Cover Stories

From Bloomberg Businessweek
Bloomberg Businessweek 07/17/17
New Lloyd Same Goldman
Dakin Campbell • The CEO is betting that regulation won’t kill off the trading business “Today’s decision is a setback for the environment and for the U.S.’s leadership position in the world.” With those 102 characters, Lloyd Blankfein, chief execu
From TIME
TIME 07/10/17
HOW THEY MAKE THE Greatest Show On Earth
The battle for Westeros may be won or lost on the back of a lime green mechanical bull. That’s what it looks like on a January Monday in Belfast, as Game of Thrones films its seventh season here. Certainly no one believes the dragons that have thril
From ESPN The Magazine
ESPN 07/17/17
Body 2017
EVERYBODY HAS A BODY, BUT NO BODY IS PERFECT. Think all great athletes are flawless? Javier Baez was born with crooked feet that needed braces—and now patrols the infield for the Cubs. Kirstie Ennis lost a leg in Afghanistan—then made herself into a

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The Guardian
3 min read

Politicians Need To Get Digitally Literate – And Fast | Martha Lane Fox

NHS data breaches, WannaCry ransomware attacks, ATMs hijacked, fake news, violent jihadist content on YouTube. The challenges posed by today’s digital culture make those I faced with Brent Hoberman when we started lastminute.com nearly 20 years ago seem trifling. Back then we were grappling with early technologies to help make credit card payments on the web safe. Today the difficulties are of a different order of magnitude. And that’s before you begin to think about the future – which promises more big data, autonomous vehicles and the internet of things, with machine learning underpinning it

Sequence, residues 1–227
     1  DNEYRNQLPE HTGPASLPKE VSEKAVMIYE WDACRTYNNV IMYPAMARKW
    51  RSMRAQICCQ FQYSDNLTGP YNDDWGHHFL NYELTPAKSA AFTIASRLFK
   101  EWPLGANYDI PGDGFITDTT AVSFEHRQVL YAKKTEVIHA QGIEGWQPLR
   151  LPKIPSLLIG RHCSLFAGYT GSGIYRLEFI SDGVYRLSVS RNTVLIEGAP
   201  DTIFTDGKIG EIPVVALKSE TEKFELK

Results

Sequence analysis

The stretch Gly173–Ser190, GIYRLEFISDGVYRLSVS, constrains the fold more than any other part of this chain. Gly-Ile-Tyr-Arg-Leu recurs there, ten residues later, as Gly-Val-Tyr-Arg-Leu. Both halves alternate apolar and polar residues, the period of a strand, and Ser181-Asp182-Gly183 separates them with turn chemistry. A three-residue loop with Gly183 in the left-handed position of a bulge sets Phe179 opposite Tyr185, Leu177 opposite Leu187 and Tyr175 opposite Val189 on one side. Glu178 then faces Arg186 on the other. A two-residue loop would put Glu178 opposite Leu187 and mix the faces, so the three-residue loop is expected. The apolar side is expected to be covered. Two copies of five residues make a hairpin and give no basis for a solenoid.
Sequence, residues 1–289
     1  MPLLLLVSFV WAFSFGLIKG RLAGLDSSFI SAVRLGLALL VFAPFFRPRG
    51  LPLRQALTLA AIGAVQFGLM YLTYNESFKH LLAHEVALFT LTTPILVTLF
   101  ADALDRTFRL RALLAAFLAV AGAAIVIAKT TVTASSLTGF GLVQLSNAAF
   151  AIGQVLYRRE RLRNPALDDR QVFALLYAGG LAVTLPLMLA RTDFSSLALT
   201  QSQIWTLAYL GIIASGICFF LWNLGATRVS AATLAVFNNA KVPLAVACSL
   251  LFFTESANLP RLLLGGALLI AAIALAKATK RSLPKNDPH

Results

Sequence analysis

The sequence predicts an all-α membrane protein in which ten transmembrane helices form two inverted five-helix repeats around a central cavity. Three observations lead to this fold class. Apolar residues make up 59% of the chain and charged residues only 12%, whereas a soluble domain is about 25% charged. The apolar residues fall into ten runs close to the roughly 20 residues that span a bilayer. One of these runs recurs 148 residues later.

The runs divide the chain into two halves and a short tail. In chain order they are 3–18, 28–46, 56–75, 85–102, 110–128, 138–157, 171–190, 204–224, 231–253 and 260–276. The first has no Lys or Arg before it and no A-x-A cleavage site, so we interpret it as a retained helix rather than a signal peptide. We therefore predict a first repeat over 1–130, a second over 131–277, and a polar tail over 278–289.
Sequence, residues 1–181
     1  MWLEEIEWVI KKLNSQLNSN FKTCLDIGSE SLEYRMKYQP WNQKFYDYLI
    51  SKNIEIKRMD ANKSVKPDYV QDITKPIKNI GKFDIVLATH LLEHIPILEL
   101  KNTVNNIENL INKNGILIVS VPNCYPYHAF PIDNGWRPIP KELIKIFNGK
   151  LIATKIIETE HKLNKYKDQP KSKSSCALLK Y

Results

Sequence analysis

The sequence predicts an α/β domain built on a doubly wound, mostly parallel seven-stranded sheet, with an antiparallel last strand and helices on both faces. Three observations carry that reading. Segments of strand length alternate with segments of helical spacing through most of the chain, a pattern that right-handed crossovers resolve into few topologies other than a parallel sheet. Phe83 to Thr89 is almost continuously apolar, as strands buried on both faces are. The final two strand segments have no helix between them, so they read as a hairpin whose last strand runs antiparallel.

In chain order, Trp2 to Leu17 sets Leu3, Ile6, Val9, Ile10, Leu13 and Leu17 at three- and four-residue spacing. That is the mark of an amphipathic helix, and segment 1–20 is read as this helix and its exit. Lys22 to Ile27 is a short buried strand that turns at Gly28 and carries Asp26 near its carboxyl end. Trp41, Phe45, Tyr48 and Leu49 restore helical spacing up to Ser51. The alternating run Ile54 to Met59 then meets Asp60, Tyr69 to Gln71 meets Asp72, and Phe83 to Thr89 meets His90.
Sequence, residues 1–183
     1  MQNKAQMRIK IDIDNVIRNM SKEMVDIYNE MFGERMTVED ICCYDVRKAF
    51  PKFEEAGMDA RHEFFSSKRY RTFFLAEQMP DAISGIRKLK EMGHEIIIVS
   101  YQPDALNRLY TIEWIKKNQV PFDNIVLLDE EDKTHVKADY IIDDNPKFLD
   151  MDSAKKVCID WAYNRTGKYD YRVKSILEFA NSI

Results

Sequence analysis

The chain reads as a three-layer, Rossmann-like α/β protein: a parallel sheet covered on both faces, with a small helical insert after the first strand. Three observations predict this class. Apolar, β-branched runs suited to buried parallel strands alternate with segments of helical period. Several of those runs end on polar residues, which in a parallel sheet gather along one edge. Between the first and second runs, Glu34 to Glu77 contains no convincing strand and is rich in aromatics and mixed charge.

Fortune
9 min read

A Bolt Of Energy

RANK 157 2016 COMPANY PROFILE PG&E REVENUES $17.7 BILLION PROFITS $1.4 BILLION EMPLOYEES 24,000 TOTAL RETURN TO SHAREHOLDERS (2006–2016 ANNUAL RATE) 6.5% WHEN THE TIME CAME and the Jimenez family was finally permitted to leave Cuba after 18 months of trying, the government gave them barely a matter of days to go. Even at age 5, Geisha understood there was little time for questions, and none for packing toys or books. They would leave their government-owned apartment with whatever they could carry, with just enough time for her dad to visit his parents and say goodbye. The family boa
NPR
5 min read

Her Own Medical Future At Stake, A Child Storms Capitol Hill

Tymia McCullough fidgets in front of a mirror in her hotel room as her mom, Susie Pitts, puts the final touches on her hair and nervously drills her on what she's going to say when she gets to Capitol Hill. "And this is where you let them know that Medicaid is what?" Pitts asks. "Health assurance," McCullough responds. "Health insurance that does what?" "It pays for the need to see your doctor," McCullough says. McCullough is just 11 years old. She came to Washington last week to lobby Congress over health care. Her family saw it as a life-or-death fight. That's because McCullough has sickle c